I spot a small gray notebook on the table tucked between an ostrich Judith Leiber pouch and the square sterling silver rose centerpiece. I flip it open. There’s a silver pencil tucked inside so each guest can vote for their picks while watching the Awards during dinner. I turn to the “Best Achievement in Directing” page. Someone has passed over my father’s name and has checked the small box next to Clint Eastwood’s. I tear out the page and shove it into my Bottega python clutch. Can’t you just see it in the family scrapbook?
I imagine the primo diners chomping on the ritzy restaurant’s popular mache salad—sliced New York steak with French fries, haricots verts, and shiitake risotto—as they placed their wagers. Did any of G.C.’s Table One dinner guests lobby for my father? Surely B. D. and D. V. F. did, right? I envision Ronald Perelman lighting Amber Valletta’s cigarette with one of the silver VF-engraved Dunhill lighters as he brags to Fran Leibowitz that Clint was just at his house in East Hampton. I can hear the sighs of disappointment that came from this booth when Julia Roberts read my father’s name.
I contemplate reaching across to the adjacent booth to see if Francis Ford Coppola, Larry David, or Anderson Cooper checked my father’s name. It’s a good thing the dinner tables are being whisked away or I’d be running from table to table stealing voting books.
There’s that waiter with my champagne. I lift the glass to my lips as I glance up at one of the plasma screens televising the arriving celebrity circus outside. My glass shatters on the terracotta tile floor.
SMITH’s face accosts me from the big screen. He’s flashing the photogs that smile that caused People magazine to name him their “Sexiest Man in the Hemisphere” (although that’s such a mouthful I just call him S.M.I.T.H). He used to train that smile on me. Before he demolished my heart and gave the tabloids their heartiest meal since poor Britney’s razor rash.
Oh God. Oh no. He’s with HER. And they’re—KISSING. I can’t breathe. I’m going to be sick. After what happened four hours ago, I thought I’d be ready, but I’m not. I contemplate licking the champagne off the floor near Rachel Weisz’s beaded Blahniks, but don’t want to look too needy. SMITH and HER are everywhere. No matter which direction I turn, there’s another plasma screen projecting their nauseatingly famous faces. I’m Alice riding the spinning teacups, and the ride is spinning faster and faster.
I feel the full frontal humiliation of an attack of the Unworthies coming on. You know, that horrible, sickening, sinking feeling that everyone on the planet is prettier, smarter, sexier, funnier, and better dressed than you. The Unworthies go into overdrive during public breakups (and with TMZ.com, is any breakup not public in Hollywood? Including my own?), box office duds, and birthdays, and they’re positively rampant during Oscar Week. Symptoms include overdoses of Botox, Kabbalah, photo ops, couture, and Ativan, but I prefer the good old-fashioned assumption of the fetal position. I cast about wildly for something to keep me off that cold floor; my gown would clash terribly with the burnt orange tiles. I down Uncle J’s scotch and water to stem the tide.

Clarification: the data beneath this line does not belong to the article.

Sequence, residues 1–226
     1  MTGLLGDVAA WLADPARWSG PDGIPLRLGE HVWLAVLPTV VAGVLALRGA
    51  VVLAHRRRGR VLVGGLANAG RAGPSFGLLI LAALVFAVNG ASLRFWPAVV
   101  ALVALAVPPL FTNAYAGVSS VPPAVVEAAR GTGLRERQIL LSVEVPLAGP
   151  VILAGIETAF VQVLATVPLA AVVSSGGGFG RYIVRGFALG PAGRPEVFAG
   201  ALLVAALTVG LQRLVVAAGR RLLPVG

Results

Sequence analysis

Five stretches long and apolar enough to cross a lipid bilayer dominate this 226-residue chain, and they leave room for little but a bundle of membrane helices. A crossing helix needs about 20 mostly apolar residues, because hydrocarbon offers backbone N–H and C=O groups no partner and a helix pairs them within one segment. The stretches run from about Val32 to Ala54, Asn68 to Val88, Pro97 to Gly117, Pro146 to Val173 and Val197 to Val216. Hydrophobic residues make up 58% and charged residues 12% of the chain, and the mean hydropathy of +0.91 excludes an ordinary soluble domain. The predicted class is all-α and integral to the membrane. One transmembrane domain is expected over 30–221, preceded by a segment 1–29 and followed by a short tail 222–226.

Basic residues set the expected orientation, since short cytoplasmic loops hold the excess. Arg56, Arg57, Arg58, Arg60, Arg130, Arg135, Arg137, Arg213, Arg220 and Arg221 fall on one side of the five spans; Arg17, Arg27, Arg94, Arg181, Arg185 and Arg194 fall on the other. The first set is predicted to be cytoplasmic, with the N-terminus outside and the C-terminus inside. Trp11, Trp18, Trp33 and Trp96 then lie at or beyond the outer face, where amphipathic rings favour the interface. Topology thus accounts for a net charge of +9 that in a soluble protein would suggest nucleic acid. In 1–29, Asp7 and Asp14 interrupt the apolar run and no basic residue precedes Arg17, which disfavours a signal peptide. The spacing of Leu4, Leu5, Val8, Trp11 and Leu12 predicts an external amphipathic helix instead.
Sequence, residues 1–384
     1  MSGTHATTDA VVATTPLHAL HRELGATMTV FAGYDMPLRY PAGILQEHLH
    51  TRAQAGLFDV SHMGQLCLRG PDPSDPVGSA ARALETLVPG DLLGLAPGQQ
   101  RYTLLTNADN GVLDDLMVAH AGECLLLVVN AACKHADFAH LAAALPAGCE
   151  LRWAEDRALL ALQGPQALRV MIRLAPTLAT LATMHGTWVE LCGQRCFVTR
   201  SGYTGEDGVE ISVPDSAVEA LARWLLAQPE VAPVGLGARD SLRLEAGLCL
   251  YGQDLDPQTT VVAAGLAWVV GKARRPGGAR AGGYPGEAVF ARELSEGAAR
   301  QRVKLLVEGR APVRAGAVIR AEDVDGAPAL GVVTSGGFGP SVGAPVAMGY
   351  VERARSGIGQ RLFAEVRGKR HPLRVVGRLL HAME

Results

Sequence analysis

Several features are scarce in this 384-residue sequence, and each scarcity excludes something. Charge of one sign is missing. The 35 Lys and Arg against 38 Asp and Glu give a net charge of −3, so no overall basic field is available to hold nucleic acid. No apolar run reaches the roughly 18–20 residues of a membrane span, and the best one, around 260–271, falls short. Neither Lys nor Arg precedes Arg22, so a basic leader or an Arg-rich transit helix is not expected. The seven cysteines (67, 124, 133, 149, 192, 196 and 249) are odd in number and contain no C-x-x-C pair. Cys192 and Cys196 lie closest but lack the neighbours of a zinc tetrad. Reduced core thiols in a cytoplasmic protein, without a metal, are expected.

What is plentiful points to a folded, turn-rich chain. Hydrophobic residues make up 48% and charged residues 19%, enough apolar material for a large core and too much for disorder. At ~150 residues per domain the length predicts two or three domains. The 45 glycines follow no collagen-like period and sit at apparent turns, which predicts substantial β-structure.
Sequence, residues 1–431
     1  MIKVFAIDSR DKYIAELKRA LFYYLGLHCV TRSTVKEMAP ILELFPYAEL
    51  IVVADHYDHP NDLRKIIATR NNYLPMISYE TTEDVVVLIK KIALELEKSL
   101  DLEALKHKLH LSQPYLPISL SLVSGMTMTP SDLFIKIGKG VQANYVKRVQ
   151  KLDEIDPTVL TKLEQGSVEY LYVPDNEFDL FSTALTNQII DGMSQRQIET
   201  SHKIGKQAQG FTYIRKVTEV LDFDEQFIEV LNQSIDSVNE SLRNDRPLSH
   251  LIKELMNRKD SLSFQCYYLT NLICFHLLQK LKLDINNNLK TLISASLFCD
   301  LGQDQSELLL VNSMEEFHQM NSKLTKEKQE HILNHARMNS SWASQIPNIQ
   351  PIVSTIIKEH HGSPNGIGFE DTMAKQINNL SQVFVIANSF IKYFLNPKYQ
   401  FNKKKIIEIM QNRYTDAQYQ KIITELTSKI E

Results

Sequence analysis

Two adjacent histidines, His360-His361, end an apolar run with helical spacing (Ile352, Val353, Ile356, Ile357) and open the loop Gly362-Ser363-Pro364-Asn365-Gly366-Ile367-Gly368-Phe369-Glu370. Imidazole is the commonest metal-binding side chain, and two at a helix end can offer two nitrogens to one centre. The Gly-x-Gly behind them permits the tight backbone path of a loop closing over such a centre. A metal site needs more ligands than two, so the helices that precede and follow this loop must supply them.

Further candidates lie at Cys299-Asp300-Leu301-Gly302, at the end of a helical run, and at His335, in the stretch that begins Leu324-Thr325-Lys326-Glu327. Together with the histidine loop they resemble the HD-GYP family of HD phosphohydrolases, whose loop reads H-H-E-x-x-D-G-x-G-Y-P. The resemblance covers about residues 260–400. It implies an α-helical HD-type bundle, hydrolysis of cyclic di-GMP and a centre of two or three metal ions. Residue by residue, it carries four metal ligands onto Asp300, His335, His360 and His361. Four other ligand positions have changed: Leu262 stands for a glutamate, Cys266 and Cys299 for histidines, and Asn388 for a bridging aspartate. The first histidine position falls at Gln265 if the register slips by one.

“Honey, you okay?” Uncle J covers my hand with his own. “You look kinda pale.”
“I’m fine, Uncle J,” I stammer. “I’m just going to make the rounds and get some air, you know?”
Uncle J glances up at the plasma screen, looks back at me, then arches that famous eyebrow and grins. “Lola, the only people you should ever lie to are the cops and your boyfriend,” he tells me. “Take care of yourself, honey, and tell your father I love him.” An unidentified brunette sidles up to him as I make my getaway.
THEY’RE walking through the front door. I’ve got to get out of here before there’s a run-in. SMITH cannot see me looking like this. And all alone. I spy Daniel Craig and wish he would helicopter me the hell out of Morton’s and straight to Monte Carlo.
Where’s Kate? I’ve got to find her.
Om, shit, ram . . . um . . . shit. I try to remember my equilibrium mantra to keep me grounded. Especially when I’m teetering on four-inch stiletto Louboutins and Natalie Portman’s tiara is flashing in my eyes. Thank God I didn’t borrow that Winston diamond tiara. Who can compete with Natalie Portman in the tiara department?
The mantra’s not working. SMITH, Uncle J’s scotch and water, and blinding tiara gems have me totally off balance.
I’ve got to get to that back room. I wobble my way through all the distorted faces. George Lucas and Arianna Huffington, Jack Black and Stephen Colbert, Carrie Fisher and Meryl Streep—all whirl in and out of focus. We’re pressed so closely together it’s difficult to move forward. I feel my throat chakra being cut off by the perpetual motion of checking over my shoulder for SMITH. I’m so focused on looking behind me I don’t realize I’m stepping on Kate Bosworth’s dress.
“Um, excuse me? Do you mind? You’re on my Balenciaga,” Kate trills, switching the ivory chiffon train out from under my stiletto with a spectral arm. I murmur an apology, but she’s already training her full-wattage smile at someone behind my right shoulder, someone not Unworthy. I swerve around Adrien Brody, who’s busy putting Donald Trump’s number into his cell.